Hallandale Beach -- City commissioners have banned churches, synagogues and mosques from a mile-long strip of Hallandale Beach Boulevard in an attempt to preserve the stretch for the development of office and hotel projects that will boost the city's tax base.

Hollywood -- Commissioners are moving forward with plans for a 15- to 19-story condominium project along downtown's Young Circle. The project will include a restaurant and retail shops on the first floor.

Jensen Beach -- Martin County commissioners have approved the sale of a six-acre site in Jensen Beach to Port St. Lucie-based Renar Fine Homes for $1.3 million. Plans call for a mixed-use project, including a 300-seat community theater.

Jupiter -- Pop singer Celine Dion sold her 15,000-sq.-ft., Mediterranean-style home in Jupiter for $9 million to NetJets founder Richard Santulli, who paid an additional $7 million for the mansion's furnishings.

Palm Beach County -- Nearly a third of Palm Beach County voucher students returned to public schools within a year, according to the Palm Beach Post.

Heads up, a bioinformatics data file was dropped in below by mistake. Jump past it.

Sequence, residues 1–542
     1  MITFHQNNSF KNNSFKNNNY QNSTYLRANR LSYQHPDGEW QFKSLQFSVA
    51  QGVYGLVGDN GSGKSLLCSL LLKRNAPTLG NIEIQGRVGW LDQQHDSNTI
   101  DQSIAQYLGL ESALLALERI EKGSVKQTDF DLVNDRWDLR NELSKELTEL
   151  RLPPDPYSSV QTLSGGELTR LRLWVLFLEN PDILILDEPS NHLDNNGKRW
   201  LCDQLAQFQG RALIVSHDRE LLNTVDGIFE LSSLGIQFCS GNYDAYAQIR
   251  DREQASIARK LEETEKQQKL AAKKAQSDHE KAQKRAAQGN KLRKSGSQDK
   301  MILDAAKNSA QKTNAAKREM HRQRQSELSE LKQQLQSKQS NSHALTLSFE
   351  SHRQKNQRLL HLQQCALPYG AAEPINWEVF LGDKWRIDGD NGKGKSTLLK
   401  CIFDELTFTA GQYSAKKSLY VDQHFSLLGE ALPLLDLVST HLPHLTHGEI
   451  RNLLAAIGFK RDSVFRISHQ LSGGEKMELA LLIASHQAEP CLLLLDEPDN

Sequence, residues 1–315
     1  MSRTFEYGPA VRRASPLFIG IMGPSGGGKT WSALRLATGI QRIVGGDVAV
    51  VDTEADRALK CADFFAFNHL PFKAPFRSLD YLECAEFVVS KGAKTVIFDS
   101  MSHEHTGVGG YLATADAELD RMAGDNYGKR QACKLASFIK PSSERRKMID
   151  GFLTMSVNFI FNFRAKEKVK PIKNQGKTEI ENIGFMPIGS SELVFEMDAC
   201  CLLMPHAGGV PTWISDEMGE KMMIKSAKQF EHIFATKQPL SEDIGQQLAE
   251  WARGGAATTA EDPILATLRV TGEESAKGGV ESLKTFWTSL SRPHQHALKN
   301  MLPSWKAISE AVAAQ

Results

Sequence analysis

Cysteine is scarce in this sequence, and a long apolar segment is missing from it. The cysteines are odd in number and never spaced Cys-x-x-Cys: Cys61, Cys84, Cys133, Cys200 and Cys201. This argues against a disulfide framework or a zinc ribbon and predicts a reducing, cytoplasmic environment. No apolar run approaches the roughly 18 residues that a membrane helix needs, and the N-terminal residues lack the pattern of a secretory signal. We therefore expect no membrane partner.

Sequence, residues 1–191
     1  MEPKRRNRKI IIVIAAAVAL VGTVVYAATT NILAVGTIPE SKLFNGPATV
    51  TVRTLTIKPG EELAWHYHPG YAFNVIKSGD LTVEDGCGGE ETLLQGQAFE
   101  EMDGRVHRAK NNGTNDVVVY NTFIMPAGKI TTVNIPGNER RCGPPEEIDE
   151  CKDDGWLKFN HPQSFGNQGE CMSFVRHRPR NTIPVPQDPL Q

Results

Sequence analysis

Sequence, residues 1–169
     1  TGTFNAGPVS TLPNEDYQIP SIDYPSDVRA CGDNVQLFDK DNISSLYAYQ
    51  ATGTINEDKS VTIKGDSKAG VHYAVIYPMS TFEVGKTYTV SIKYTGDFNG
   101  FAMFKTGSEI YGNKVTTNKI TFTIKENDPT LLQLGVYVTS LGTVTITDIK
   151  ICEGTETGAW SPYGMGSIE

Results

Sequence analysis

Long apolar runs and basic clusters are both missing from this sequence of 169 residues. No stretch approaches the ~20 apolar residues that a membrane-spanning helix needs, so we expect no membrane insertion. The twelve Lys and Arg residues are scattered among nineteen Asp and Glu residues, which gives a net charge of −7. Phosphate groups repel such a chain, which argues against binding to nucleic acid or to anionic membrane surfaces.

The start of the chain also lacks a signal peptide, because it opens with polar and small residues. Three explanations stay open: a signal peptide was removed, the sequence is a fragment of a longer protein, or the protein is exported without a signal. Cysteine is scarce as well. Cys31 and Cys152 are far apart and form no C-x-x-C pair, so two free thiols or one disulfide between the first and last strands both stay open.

Schools Superintendent Art Johnson says he will ask state legislators to approve a pilot program to replace the Florida Comprehensive Assessment Test with internet-based tests taken several times throughout the year. ... Also, Johnson, fearing that too many substitute teachers may be hurting student performance in Belle Glades schools, has promised to fill area schools with certified teachers evenif he has to transfer some from other facilities.

Port St. Lucie -- Plans to build a sewer plant on the center portion of a 408-acre tract in western St. Lucie County have sparked a petition drive by nearby residents afraid the plant will create noise and odors. City council members say they are facing the possibility of a building moratorium if the new plant is not built. The city expects its existing system to reach capacity by 2006.

West Palm Beach -- The arrival of a conservative fund-raising organization has liberal organizations on full alert, the Palm Beach Post reports. The Scaife Family Foundation, formerly headquartered in Pittsburgh, opened offices in West Palm Beach in May. Chairwoman Jennie K. Scaife, the daughter of conservative billionaire Richard Mellon Scaife, says the organization has nothing to do with her father and is committed to animal welfare, among other issues.


WEST PALM BEACH -- Mayor Lois Frankel has fired the city's human resources director, Karen Riches, economic development director Sharon Jackson and two employees in the city's small-business division in an effort to remake the departments.

Tags: Southeast